The Poorest Countries in the World

GDP per capita is considered an important method to compare how poor or wealthy countries are in relation to each other. We decided to make an update to one of our most popular blog posts and take a look at our forecasts for GDP per capita in 2025 for the 130+ countries we cover to see which are projected to be the five poorest countries in the world at the end of our forecast horizon. The projections used in this article are Consensus Forecasts based on the individual forecasts of over 1000 world renowned investment banks, economic think tanks and professional economic forecasting firms.

The five poorest countries are all from Sub-Saharan Africa, a region which continues to be held back by problems such as institutional weakness, corruption, poor infrastructure and a lack of human capital. That said, Sub-Saharan Africa is also incredibly diverse: While it is home to the world’s poorest countries, it also boasts some of the most dynamic economies on earth. For instance, we forecast Rwanda to be among the top five fastest growing economies over our forecast horizon. Other countries, such as Ethiopia, Kenya, Senegal and Uganda are also forecast to grow strongly in the coming years.

With that said, let’s have a look at the poorest countries in the world according to the FocusEconomics Consensus Forecast for 2025 nominal GDP per capita.

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1. Democratic Republic of the Congo: USD 558 GDP per capita in 2025

The DRC—the largest country in Sub-Saharan Africa—has had a tumultuous ride since achieving independence from Belgium in 1960, with years of violent conflict crippling economic development, notwithstanding vast mineral wealth. Moreover, the Covid-19 crisis likely caused a contraction in economic activity last year amid reduced global commodity demand. The economy is seen recovering to a fairly modest growth trajectory over the next few years, but the country’s economic potential will be held back by weak infrastructure, a tough business environment and shaky power supply.

“The mining sector is forecast to stage a modest recovery in 2021, before picking up pace in 2022. The Kamoa-Kakula copper project (by Canada's Ivanhoe Mines) is on track to begin production in the third quarter of 2021, while mineral production at existing mines will start to recover more rapidly around that time amid a firmer increase in global prices and demand. Steady mining growth will, in turn, slightly boost the government's spending capacity and indirectly support economic activity as a result.” - Economist Intelligence Unit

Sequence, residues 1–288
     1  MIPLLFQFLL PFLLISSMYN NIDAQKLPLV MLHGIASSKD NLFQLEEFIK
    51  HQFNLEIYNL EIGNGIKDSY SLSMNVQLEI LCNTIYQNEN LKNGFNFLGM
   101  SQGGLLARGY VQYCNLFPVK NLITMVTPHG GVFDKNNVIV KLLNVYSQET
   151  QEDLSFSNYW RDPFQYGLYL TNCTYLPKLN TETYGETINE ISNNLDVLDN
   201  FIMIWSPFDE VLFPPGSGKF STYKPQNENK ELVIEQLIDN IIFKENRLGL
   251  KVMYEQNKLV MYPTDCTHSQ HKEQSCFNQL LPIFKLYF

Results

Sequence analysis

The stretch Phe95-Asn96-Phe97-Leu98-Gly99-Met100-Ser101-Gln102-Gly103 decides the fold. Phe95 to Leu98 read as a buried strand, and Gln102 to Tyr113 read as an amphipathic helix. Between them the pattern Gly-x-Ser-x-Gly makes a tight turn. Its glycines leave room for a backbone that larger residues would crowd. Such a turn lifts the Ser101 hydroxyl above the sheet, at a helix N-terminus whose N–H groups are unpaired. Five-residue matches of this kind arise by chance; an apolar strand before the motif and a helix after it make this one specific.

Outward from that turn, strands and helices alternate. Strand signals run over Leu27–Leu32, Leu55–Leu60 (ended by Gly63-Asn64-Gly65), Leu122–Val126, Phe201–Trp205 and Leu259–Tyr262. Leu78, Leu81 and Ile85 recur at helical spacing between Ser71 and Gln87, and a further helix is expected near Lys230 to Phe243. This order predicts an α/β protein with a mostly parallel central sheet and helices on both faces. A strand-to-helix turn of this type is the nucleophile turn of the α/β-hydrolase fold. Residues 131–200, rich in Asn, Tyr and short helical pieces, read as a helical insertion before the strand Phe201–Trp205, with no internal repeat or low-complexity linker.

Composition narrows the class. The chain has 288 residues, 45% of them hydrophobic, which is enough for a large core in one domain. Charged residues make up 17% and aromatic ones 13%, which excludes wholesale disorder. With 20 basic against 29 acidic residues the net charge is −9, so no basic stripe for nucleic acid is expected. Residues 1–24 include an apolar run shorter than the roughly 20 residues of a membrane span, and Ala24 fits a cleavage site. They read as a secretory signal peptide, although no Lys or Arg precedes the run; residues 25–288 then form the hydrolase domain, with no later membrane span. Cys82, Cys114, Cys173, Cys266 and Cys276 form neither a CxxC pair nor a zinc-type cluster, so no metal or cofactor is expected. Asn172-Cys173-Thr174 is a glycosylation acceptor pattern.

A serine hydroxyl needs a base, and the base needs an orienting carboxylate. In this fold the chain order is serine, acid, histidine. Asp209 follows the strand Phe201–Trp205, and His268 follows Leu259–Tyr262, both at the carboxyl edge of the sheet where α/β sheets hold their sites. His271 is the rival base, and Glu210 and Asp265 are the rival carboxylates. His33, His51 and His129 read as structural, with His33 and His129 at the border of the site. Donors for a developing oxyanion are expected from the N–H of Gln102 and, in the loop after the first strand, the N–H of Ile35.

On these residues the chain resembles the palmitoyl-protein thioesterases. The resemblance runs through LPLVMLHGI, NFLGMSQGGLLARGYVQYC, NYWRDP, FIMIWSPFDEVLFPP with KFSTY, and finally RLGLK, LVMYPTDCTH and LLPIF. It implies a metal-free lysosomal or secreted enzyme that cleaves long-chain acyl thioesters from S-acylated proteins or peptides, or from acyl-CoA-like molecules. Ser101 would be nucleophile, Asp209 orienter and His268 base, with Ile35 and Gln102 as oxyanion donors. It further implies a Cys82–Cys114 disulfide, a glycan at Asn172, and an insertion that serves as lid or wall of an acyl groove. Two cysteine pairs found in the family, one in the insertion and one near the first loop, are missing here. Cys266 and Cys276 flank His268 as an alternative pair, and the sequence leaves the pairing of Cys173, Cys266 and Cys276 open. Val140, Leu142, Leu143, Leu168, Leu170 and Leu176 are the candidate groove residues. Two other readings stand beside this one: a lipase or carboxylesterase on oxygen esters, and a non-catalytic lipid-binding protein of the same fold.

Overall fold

2. Mozambique: USD 607 GDP per capita in 2025

Mozambique has seen generally rapid growth in the last few decades, although momentum has eased markedly in recent years, and in 2020 the economy likely contracted due to the impact of the Covid-19 crisis. Growth is seen accelerating over our forecast horizon as new energy projects come onstream, lifting Mozambique’s GDP per capita above that of the DRC by 2025. However, sky-high external debt, volatile energy prices and the Islamist insurgency in the north of the country pose risks.

“Agriculture remains extremely important for the economy […]. However, this is set to change as the coal sector continues to grow and LNG megaprojects commence. The services sector is gaining in importance, with robust growth seen in telecoms and banking during the past few years, while the country also exports electricity to neighbouring countries, including South Africa. Mozambique is recognised as a resource haven. With coal and natural gas reserves estimated at 1.8 billion metric tonnes and 100 trillion cubic feet (tcf), respectively, the country could very well become a major player in both industries on a global scale.” - Gerrit van Rooyen, economist at Oxford Economics

3. Uganda: USD 1,100 GDP per capita in 2025

Following years of insecurity and political turmoil following independence from the UK in 1962, Uganda has grown strongly in recent decades amid burgeoning industry and service sectors. However, it remains an extremely impoverished country. After suffering severely last year due to coronavirus, Uganda is forecast to be one of Sub-Saharan Africa’s top performers over the next five years, and should partially close the gap in GDP per capita terms with neighboring countries. The expansion should be driven by the development of the oil sector, construction, and services.